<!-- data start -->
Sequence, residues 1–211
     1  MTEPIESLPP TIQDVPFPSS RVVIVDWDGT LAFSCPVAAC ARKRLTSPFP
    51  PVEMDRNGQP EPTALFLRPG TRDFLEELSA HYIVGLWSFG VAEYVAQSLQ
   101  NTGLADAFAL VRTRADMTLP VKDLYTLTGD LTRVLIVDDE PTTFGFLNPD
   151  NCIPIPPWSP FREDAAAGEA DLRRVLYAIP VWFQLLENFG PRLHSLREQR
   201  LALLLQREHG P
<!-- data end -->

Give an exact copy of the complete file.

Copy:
Sequence, residues 1–211
     1  MTEPIESLPP TIQDVPFPSS RVVIVDWDGT LAFSCPVAAC ARKRLTSPFP
    51  PVEMDRNGQP EPTALFLRPG TRDFLEELSA HYIVGLWSFG VAEYVAQSLQ
   101  NTGLADAFAL VRTRADMTLP VKDLYTLTGD LTRVLIVDDE PTTFGFLNPD
   151  NCIPIPPWSP FREDAAAGEA DLRRVLYAIP VWFQLLENFG PRLHSLREQR
   201  LALLLQREHG P